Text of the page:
As more businesses and governments join the UN-backed Race to Zero campaign, CFOs from some of the UK’s largest organisations have shared their insights and practical advice on turning the theory into practice at an Accounting for Sustainability (A4S) virtual conference to coincide with the launch of two practical guides (Net Zero A Practical Guide for Finance Teams and Net Zero A Practical Guide for Finance Teams of Banks) to help finance teams to respond to the crisis.
At the event, HRH the Prince of Wales called on finance professionals to lend their energy, expertise and leadership to develop and implement the practical solutions needed to build an ambitious and sustainable future. He also called on finance leaders to sign the A4S CFO Net Zero Statement of Support to signal their commitment to the kind of action on the ground that is so desperately needed.
“As CFOs, accountants, investors and pensions professionals have an essential role to play in driving the urgent and substantial change required. Your ability to raise and allocate funds for allocation and adaptation and embed greenhouse gases reductions within your organisations’ decision-making processes, to influence others and to track and report on progress against these targets places you at the very heart of the transition,” Prince Charles said.
It’s now 17 years since he set up the A4S project, working with finance leaders to inspire action and drive a shift towards resilient business models. “This is not about making money on the one hand and being sustainable on the other. It is all about recognising that business as usual is no longer an option and those organisations that invest in the future by putting people, planet and nature at the heart of global value creation will be the ones to succeed,” Prince Charles told delegates.
Gregor Alexander, CFO at SSE, which published its Just Transition Strategy in November last year, said: “Action is where the business community can really demonstrate its ability to get things done. The role of the CFO is to work behind the scenes, to support the business case and make sure risks are identified and managed and to deliver the financial investments.”
Andy Agg, CFO at National Grid, said sustainability was a natural extension to the role of the CFO, in particular making sure that the targets that the business needs to deliver are baked into our activities to make it a core part of how we manage our business, whether it’s how we budget, how we forecast, or how we report our performance.
“As CFOs there’s a role for us to really champion sustainability at a board level and thinking about those key investment decisions we need to make. And how we engage with our investors who will ultimately lend the capital to us to allow us to make those investments. It’s critical that we share our plans and that we’re open about the journey and we’re a critical part of that conduit to the board to let people know where expectations lie,” Agg said.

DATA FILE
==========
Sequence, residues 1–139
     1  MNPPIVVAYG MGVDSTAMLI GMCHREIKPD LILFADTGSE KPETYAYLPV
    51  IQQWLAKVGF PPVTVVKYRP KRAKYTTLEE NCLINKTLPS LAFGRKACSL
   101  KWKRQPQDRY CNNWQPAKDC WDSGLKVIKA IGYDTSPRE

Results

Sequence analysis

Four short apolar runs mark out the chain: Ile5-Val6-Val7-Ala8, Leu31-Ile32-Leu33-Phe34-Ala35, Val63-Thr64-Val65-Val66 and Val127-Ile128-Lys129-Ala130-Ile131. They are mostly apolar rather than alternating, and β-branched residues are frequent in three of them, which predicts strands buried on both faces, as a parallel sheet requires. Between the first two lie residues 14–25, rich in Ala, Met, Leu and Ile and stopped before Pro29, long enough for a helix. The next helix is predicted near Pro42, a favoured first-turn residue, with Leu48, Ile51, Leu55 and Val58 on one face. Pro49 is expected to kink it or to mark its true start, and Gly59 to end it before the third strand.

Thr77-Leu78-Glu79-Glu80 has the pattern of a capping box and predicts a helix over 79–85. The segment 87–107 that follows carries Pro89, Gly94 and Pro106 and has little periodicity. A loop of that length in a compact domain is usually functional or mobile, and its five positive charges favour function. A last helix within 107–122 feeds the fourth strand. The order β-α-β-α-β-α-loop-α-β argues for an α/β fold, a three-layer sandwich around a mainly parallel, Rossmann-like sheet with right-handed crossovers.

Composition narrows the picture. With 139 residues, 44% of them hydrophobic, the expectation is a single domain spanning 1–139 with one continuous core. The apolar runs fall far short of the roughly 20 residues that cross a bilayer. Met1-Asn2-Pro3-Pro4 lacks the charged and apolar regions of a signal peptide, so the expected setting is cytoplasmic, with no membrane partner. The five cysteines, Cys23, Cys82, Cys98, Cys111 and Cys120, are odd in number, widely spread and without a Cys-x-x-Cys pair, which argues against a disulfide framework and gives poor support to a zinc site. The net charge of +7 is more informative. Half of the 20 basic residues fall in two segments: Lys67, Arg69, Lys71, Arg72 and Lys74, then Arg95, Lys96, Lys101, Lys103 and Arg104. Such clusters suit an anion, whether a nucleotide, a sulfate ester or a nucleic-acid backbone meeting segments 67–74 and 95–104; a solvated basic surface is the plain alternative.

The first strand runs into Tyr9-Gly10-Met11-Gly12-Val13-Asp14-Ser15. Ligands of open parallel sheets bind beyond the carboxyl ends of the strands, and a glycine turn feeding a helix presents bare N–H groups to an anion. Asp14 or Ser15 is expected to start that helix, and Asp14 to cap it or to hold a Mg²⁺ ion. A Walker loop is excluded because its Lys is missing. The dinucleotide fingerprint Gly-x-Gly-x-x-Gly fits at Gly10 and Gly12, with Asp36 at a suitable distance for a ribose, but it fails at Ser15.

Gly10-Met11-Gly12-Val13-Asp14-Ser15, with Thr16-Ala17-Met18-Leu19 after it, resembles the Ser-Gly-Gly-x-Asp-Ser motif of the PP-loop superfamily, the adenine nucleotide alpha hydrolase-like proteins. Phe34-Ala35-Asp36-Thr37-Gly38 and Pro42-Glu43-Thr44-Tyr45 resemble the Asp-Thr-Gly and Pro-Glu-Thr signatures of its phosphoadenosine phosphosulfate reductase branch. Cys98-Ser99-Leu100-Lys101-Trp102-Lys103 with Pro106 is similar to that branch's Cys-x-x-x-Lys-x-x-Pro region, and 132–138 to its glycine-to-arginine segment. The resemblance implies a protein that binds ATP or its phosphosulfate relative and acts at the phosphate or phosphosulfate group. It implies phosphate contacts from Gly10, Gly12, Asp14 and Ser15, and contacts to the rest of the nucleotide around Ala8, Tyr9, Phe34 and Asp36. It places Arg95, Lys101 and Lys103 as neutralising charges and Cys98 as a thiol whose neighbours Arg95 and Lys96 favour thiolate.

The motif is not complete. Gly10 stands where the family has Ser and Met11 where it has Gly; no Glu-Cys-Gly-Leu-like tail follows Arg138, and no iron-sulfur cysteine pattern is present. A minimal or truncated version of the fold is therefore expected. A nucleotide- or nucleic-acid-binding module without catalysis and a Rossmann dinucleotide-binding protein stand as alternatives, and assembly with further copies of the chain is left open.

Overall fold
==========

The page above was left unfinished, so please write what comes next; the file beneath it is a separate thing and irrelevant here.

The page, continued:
Agg said the UN’s COP26 Climate Change conference due to take place from 31 October in Glasgow was a fantastic opportunity to show that business can come together with government, regulators and other stakeholders to set up a clear path to joining up policy commitments with action and investment commitments.
Transparency is critical, Agg says. This summer National Grid produced its first Responsible Business Charter that sets targets and its first publicly-available Responsible Business Report, where it reports progress on delivering against sustainability targets alongside the annual report. “It’s critical that we hold ourselves to account.”
Simon Robson, CFO at Sky explained that at its simplest, his role was to prioritise resources. “I see my job as to get [sustainability] front and foremost of all the executive team’s minds so they understand what we’re doing, why we’re doing and how and why we’re putting resources into those places and ensuring the whole executive team know what their role is.”
Robson said the skills and attributes of accountants meant they were well-placed to tackle sustainability head-on: “This challenge is right up finance people’s streets. The natural behaviours of finance people are perfectly aligned with this. We’re naturally curious and we ask a lot of questions, we have a healthy dose of cynicism and that makes sure plans are really robust, and we track and report – transparency is absolutely critical and we hold the pen on that.”
There was an opportunity for finance to lead on sustainability and help the business achieve ambitious plans by breaking them down into manageable chunks, Robson added. “That’s a really exciting position to be in. Set ambitious targets, get everyone involved and get started,” Robson urged.
Katie Murray, CFO at Natwest Group PLC, urged CFOs to exert more pressure on the investor community to accelerate change: “One really tangible thing we can do as finance professionals is that we collectively own and influence huge amounts of pension funds and I would say at the moment that I think the investor community could add a bit more pressure than they are. Get started, put where you have investments under some pressure.”
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Here are the links to both practical guides A4S launched to help finance teams respond to the crisis: